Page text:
It’s a truism: Rising prices mean people’s purchasing power falls. Consequently, consumers can afford less. This buffers consumption. And if consumption is taxed, then companies can sell less. So the result is clear: current price increases are bad for the global economy. Of course, there are the oil and gas exporting countries that are now earning more, investing this extra income in luxury goods, war material or magnificent buildings, and are therefore asking for a little more than usual. But the world market shares of these countries are too low to reverse the generally negative trend.
The price increases now come at a time when the global economy is already groaning under high rates of inflation. In the US, this has just hit the eight percent mark. Soaring prices for oil, gas, raw materials, food, and processed goods mean nothing more than a supply shock hitting the global economy. You may remember the simple graph we used in episode II to show the situation in the US. Extremely accommodative monetary policy and strong fiscal stimulus have boosted demand, while tight supply and rising commodity prices raw materials have caused a shock in supply. The result is higher prices (P2>P1) with continued good utilization of production capacities (M1 approximately M2).
The war in Ukraine triggered a second supply shock in a short space of time, even before the first had subsided: supply bottlenecks and rising commodity and energy prices made output more expensive. The economy can only produce the same amount of goods and services at a higher price, so the supply curve shifts up. But higher prices reduce consumption: In our simplified model, prices continue to rise from P2 to P3, where new supply and demand meet. Consequently, the quantity produced and sold in our simple world decreases from M2 to M3.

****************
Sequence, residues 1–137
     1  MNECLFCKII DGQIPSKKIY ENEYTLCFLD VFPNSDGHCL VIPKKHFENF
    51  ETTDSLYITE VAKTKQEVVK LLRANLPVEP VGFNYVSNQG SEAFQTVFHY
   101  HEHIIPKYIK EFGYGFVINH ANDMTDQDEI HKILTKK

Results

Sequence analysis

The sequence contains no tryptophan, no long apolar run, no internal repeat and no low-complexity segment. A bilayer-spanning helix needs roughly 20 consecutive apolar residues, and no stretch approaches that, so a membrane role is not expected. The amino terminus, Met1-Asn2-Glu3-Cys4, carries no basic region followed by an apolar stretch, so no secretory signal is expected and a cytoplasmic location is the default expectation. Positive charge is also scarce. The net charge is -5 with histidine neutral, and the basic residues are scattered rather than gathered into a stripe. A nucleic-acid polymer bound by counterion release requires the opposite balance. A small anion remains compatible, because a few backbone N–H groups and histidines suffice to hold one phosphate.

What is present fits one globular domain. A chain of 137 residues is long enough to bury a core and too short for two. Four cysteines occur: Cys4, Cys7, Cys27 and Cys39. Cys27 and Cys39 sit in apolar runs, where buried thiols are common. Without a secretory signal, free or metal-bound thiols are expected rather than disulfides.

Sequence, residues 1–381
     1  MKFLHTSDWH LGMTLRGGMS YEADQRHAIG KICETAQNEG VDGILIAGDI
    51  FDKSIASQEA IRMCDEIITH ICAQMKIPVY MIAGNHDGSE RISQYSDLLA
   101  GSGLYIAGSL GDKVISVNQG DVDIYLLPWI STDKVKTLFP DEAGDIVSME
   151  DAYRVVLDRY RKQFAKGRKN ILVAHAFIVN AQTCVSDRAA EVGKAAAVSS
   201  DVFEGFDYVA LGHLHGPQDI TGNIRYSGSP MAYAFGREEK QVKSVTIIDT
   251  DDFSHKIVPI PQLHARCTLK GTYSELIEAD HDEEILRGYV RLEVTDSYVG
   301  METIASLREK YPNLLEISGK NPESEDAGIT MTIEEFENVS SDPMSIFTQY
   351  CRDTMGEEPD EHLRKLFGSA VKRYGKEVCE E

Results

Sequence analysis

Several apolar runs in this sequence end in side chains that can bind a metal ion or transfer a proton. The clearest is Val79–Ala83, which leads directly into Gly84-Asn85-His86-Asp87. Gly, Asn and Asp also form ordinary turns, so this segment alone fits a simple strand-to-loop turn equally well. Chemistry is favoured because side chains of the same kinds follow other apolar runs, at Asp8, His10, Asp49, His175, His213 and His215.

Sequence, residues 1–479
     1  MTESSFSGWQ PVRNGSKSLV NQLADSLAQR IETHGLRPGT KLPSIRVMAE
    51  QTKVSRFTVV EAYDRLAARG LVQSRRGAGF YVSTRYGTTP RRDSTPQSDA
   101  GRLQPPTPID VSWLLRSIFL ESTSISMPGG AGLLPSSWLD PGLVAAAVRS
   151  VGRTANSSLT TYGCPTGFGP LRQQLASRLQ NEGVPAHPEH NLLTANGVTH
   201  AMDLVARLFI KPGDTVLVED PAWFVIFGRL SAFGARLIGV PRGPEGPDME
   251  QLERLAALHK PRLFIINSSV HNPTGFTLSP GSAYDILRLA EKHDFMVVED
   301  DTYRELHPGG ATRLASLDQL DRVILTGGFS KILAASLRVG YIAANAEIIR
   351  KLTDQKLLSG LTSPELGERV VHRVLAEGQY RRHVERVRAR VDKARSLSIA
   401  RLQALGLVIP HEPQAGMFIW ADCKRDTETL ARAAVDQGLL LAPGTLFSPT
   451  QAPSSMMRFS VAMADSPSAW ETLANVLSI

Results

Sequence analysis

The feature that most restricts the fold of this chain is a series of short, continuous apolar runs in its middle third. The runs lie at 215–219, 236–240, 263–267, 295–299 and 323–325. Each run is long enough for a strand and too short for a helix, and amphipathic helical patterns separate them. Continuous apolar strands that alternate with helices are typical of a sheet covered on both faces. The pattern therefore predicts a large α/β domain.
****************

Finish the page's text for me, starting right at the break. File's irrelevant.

How strong the price increases will be will be decided in the coming weeks. If prices rise and production stagnates, this is called stagnation. If output even fell (as in the chart), we would have a perfect recession with high inflation rates.
What does that mean for Switzerland? As a very open economy with few raw materials of our own, we are drawn directly into the aftermath of the Ukraine war. Swiss producers are also experiencing supply chain disruptions and price increases for primary products. Consequently, they can produce less or only at higher prices. Of less importance is the drop in exports to Russia and Ukraine, whose share in Swiss exports is small, at 1 percent and 0.2 percent, respectively. But the loss of purchasing power around the world means that the demand for Swiss products and services is falling. The situation is made more difficult because Swiss exports are becoming more expensive relative to the competition due to the strength of the Swiss franc abroad. Conversely, the strength of the Swiss franc is also dampening the rise in prices of imported goods, so rising inflation in Switzerland is less severe than abroad. Consequently, Swiss consumption will also be less affected.
If the armed conflict does not escalate, which could result in a severe recession in Europe, the overall impact on the Swiss economy should not be dramatic. Especially not in the context of the immense suffering of the Ukrainian population.
FOCUS ON INFLATION
Episode I: Beware the money illusion: the Swiss franc is no longer as strong as it was in 2015
Episode II: Four Reasons for the Record Rate of Inflation in the US
Episode III: “This time is different”, really?
Episode IV: Not Neutral, but Pretty Nasty
Episode V: The Independent SNB Strikes Back
Episode VI: Why doesn’t rising oil prices have a stronger impact on Switzerland?
Episode VII: The Ukraine War Fuels Inflation